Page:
LOS ANGELES, CA.- Edward Cella Art + Architecture
is presenting streetseasky, featuring new work by artist R. Nelson Parrish. Parrish visually distills the iconic elements of surf, sun, and highway through glass-like resin wall mounted objects. Ultimately seeking the inter-connectedness of body and landscape, the artist looks to the speed and dynamism of athletics to inform euphoric surges of color and pattern. Suspended beneath multiple layers of cured resin, the works evocatively blur the boundary between sculpture and painting.
Parrish's highly refined material process invokes the dexterity, agility, and dedication of the athlete. By painstakingly building refined accretions of poured, cast, and polished environmentally friendly bio-resin in his studio, Parrish enacts the process of his work with an athlete's perfectionism and deliberateness. Seizing the "moment," Parrish's panels suspend time and seek to isolate this heightened experience of the athletic apex. When viewing Parrish's work, the viewer bears unlikely witness to a crystalline rush of adrenaline, literally apprehended within the material surface.
As an avid traveler, Parrish has explored moving through various topographies, and has summoned the specificity of their environments to inform the energetic abstraction of his work. In streetseasky, Parrish directs his attention to his adopted home of Southern California with its distinctive interface of sea, sky, and land, and explores the geography through movement. Parrish looks to surfing and driving for his kinetic inspiration. A wall sized installation entitled, Light Over the Pacific, underscores the specific set of references central to the exhibition. The vitality and optimism of the Southern Californian landscape is at the fore of streetseasky: its coasts, its endless horizons, and its warmth emanate from these energetic and active works.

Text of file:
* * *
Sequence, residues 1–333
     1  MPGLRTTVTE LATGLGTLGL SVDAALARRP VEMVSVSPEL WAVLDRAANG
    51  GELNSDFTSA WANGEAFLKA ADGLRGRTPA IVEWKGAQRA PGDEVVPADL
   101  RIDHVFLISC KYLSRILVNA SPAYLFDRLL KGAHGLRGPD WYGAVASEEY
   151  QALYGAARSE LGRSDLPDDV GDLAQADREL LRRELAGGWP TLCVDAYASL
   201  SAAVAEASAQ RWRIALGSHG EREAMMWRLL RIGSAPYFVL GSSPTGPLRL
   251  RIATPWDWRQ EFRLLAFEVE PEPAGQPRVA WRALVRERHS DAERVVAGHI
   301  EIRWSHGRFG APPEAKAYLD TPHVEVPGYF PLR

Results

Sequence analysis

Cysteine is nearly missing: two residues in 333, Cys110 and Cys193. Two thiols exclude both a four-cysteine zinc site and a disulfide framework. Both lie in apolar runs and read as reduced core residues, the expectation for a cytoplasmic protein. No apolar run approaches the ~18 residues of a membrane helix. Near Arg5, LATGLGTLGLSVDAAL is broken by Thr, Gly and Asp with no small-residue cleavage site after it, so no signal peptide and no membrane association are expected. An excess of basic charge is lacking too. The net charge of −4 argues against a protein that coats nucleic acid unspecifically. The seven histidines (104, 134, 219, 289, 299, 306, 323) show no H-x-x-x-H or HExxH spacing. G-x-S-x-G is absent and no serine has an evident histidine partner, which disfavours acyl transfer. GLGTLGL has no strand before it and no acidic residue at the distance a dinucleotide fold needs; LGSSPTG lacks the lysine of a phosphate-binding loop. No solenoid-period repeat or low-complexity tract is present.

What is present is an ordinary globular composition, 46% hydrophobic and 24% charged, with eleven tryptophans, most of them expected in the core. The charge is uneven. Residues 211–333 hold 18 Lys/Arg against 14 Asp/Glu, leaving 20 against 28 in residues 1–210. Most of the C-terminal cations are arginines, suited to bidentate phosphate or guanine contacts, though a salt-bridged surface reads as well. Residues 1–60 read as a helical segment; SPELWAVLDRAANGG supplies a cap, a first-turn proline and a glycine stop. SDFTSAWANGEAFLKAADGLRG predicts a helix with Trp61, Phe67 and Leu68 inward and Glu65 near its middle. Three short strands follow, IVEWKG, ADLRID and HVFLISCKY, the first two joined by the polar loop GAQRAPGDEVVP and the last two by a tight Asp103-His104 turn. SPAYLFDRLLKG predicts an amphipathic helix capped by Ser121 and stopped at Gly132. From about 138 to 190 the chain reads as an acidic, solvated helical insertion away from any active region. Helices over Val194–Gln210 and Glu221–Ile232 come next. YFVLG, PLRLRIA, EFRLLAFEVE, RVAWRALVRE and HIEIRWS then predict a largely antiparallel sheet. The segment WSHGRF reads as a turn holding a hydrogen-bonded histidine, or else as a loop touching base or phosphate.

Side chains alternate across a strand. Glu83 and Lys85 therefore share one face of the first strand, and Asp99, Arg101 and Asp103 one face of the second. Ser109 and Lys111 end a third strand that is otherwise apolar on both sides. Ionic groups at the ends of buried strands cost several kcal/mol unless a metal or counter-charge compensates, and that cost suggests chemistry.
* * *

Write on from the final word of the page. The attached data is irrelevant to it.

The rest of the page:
R. Nelson Parrish completed an MFA at the University of California in Santa Barbara. In 2012, Parrish was the subject of a solo exhibition entitled COLOR/FAST at the Kimbell Art Center in Park City, UT, and was included in True North: Contemporary Art of the Circumpolar North, organized by the Anchorage Museum in Alaska. This is the artist's second exhibition with the gallery.
Concurrently on view in the ECAA project room, is new work by Los Angeles based artist William Berry. Formerly a director, cinematographer, and editor in the entertainment business, Berry approaches the photographic medium much like he is making a feature narrative film. Citing the visual language of cinematography as his primary methodological and aesthetic influence the photograph is transformed through multiple exposures and digital manipulation resulting in an idealized image. Crafted from multiple points of views in a single photograph, the works blur the lines between what is artificial and real.
Berry's extensive research on locations and situations reflect the impact of human occupation on earth and the detritus left behind. The process behind the work mimics the recreation of a scene in a diorama by altering the viewing experience within a constructed reality that captures a moment within a larger, inaccessible event. Multiple photographic capturing of the site is digitally combined to create a seamless experience. The artist acknowledges that one of the specificities of digital technology is to create a more idealized perfection of the image-an artificial or hyper-real reality. Unplanned Obsolescence, shot on location in the desert communities of California, reveals that the American dream is surrealistic in its reality.